Tuesday, January 20, 2009

El Gaviero

Heads up, folks! Things are changing around here. This blog is KAPUT! I've got a new one over at gaverio.net. I'll probably have at least one more post on this blog, but set your browser over to the new (hopefully improved) blog that's following Bolivian politics and nuttiness. One more time: El Gaviero. See you there!

Wednesday, January 7, 2009

Inca Kola News

I've linked to Otto many times, particularly because he's an astute analyst of South American politics. And he's a smarty-pants, indeed. Not only does he stay on top of the latest political news, but he's an avid market man (specializing in minerals, natch).
I'd like to ask all my readers to click on over to Otto's Inca Kola News and give it a read. Then, if you are so inclined, head on over to the 2008 Weblog Awards and vote for him. It's easy, it's free, and it means a lot to a blogger to get some recognition (not to mention possible revenue). Even better: bookmark him and read him. He knows what's going on.

Tuesday, January 6, 2009

Ann Rynd Shrugged

From Forbes:

A construction official billed the government for supplies that were never delivered for the cleanup of a toxic ground zero skyscraper in exchange for cash, clothes and trips to the Caribbean, prosecutors said Tuesday.

Robert Chiarappa, 45, of Brooklyn, was charged with grand larceny in the theft of $1.2 million in fake invoices for work on the former Deutsche Bank tower across the street from the World Trade Center site.

Chiarappa was the purchasing agent for the John Galt Corp., a contractor fired from the job and later indicted on manslaughter charges for a 2007 fire that killed two firefighters at the toxic skyscraper. The criminal investigation of the fire uncovered evidence of the theft, according to the Manhattan district attorney's office.

Cambas Attack

Santa Cruz does itself proud: Watch white people attack indigenous folk because . . . well, their skin is brown, same color as the president's. Inka Kola News has the video. And while you're there, vote for Otto in the 2008 Weblog Awards.

Sunday, January 4, 2009

Branko Arrested?

Has Branko Marinkovic been arrested in Santa Cruz and spirited away to La Paz? La Razón reported just that last week. But commenter Franco at the Blog From Bolivia questions that report, as Marinkovic still appears to be speaking to reporters from his native Santa Cruz. And the picture from La Razón just doesn't look right. Anybody know what's going on?

Friday, January 2, 2009

Happy New Year!

Life's been exciting in the U.S.A. for the past few weeks. I spent a great Christmas in Seattle and Minneapolis, ate well and drank good wine. Maybe a little too much, because I spent a couple of days in the klink, getting out in enough time to catch a flight back to New York City and celebrate at midnight on the subway platform at J.F.K. airport. I'll be explaining all later, for what is likely to be my last post on this blog. Fear not, though: I'm currently designing a new blog that'll detail my return to Bolivia later this month. Check back and I'll let you all know when it is up.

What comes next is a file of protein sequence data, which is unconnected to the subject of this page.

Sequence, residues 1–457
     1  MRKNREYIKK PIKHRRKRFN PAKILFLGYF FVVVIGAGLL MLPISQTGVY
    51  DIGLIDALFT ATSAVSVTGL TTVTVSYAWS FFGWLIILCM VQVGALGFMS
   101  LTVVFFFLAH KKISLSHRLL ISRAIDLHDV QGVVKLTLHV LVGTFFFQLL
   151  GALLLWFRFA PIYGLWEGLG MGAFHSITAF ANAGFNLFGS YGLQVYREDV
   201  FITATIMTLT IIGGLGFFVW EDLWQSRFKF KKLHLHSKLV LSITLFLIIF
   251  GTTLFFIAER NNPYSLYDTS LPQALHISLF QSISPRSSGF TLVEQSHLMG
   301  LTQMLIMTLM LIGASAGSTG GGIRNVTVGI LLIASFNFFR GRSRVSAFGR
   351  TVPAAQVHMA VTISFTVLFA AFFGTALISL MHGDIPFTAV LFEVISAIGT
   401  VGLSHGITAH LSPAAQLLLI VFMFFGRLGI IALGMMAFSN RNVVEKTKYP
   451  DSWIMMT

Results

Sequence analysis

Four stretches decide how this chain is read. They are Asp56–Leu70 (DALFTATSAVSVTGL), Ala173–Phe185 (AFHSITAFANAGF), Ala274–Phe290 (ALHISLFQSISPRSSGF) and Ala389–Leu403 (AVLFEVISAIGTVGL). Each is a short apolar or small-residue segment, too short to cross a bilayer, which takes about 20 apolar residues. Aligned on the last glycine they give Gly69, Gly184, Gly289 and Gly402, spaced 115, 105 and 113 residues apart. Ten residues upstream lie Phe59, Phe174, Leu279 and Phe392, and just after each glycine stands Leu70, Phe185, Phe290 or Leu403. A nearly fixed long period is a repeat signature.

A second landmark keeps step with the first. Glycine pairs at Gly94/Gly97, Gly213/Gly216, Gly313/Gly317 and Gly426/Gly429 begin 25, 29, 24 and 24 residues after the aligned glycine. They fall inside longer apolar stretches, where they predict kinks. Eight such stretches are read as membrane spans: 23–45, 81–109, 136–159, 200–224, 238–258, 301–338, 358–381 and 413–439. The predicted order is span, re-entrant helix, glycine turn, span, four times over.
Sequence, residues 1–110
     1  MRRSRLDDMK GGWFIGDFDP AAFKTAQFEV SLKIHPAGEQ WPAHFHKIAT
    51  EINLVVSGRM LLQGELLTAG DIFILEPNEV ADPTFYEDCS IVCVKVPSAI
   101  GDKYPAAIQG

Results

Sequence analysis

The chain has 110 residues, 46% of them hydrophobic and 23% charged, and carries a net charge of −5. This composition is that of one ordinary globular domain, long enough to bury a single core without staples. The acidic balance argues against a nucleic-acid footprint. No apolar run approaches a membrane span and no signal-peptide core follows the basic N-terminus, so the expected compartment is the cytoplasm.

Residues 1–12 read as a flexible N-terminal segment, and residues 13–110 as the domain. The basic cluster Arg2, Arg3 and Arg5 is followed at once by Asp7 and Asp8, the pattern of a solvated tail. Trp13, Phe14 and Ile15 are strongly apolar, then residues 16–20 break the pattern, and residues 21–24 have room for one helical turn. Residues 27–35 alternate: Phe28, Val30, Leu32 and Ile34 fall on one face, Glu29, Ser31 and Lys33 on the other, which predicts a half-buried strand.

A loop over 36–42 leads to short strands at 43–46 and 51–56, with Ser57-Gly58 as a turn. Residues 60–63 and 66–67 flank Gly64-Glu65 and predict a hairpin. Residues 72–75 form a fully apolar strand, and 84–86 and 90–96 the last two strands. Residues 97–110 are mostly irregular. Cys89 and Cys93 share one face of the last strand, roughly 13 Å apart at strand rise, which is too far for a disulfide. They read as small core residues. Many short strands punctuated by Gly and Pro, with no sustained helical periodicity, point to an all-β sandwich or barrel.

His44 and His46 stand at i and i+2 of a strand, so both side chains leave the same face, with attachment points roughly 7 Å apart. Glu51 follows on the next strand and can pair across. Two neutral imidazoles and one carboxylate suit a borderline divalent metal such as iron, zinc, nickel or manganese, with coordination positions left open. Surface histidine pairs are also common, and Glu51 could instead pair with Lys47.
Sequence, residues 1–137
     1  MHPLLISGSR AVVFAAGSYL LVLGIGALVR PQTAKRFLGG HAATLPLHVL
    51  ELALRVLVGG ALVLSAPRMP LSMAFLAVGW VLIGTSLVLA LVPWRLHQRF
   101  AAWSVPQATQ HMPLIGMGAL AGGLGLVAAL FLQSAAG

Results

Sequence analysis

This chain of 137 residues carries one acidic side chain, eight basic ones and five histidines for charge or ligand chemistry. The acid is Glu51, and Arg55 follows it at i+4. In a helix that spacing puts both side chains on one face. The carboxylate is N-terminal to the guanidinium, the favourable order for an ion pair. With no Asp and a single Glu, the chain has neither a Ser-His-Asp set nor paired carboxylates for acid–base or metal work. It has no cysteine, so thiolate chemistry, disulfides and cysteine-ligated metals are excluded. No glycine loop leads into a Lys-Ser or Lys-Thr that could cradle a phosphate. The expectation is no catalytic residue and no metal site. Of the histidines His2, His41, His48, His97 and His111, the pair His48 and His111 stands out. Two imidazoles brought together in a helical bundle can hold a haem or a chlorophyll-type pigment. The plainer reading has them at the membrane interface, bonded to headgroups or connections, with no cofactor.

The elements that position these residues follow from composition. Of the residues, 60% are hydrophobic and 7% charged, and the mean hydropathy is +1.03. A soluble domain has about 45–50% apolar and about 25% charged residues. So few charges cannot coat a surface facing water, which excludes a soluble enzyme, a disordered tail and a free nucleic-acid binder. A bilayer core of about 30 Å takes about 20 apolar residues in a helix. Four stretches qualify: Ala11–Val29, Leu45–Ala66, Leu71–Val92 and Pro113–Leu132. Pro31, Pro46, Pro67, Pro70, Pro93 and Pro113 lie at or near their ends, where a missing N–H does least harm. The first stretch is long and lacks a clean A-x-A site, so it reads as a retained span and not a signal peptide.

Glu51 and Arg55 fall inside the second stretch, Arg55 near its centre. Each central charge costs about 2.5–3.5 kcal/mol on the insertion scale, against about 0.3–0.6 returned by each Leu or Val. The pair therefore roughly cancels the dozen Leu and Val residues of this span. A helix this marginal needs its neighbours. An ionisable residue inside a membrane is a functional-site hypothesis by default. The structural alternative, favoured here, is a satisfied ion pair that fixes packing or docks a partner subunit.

What's my New Year's resolution this year? I'm going to stop lipping off to cops!

Tuesday, December 16, 2008

Unasur Report Questioned

From La Razón comes word that Colombia, Peru, Uruguay, and Paraguay have registered objections to Unasur investigator Radolfo Matarollo's report on the Sept. 11 massacre in Pando, Bolivia, in which at least 16 people died, according to Brazilian newspaper O Estado de São Paulo:
The report "was considered hasty and partial by Peru, Colombia, Uruguay and Paraguay," the newspaper said, adding that sources in Brazil "admitted that there was an incident in which 16 people died, but described the action of the UNASUR commission as rubber-stamped and partial."
Besides these flaws, there are three omissions: "The first two victims of the 'slaughter' were opposition activists. The second was that the Minister of the Presidency ... was in Porvenir before the confrontation to mobilize pro-government demonstrators ... Another omission was that many rural supporters of Evo were armed at the time of shock."

I do not see how any of these three "omissions" (if they are in fact omitted from the final report--which we have not seen yet) change the fact that Morales' supporters were gunned down. There are people from the opposition that insist that Presidential Minister Juan Ramon Quintana had a hand in the attacks, claims which I find absurd. That opposition people were also killed--if true--is immaterial to the case (if they were, though, justice demands accountability from their assailants). Which leaves the claim that Morales' supporters were armed before the attack. I bet they were--with stones, clubs, and machetes, which any peasant in Bolivia usually carries when there might be a confrontation with the opposition, which is known for being extremely violent.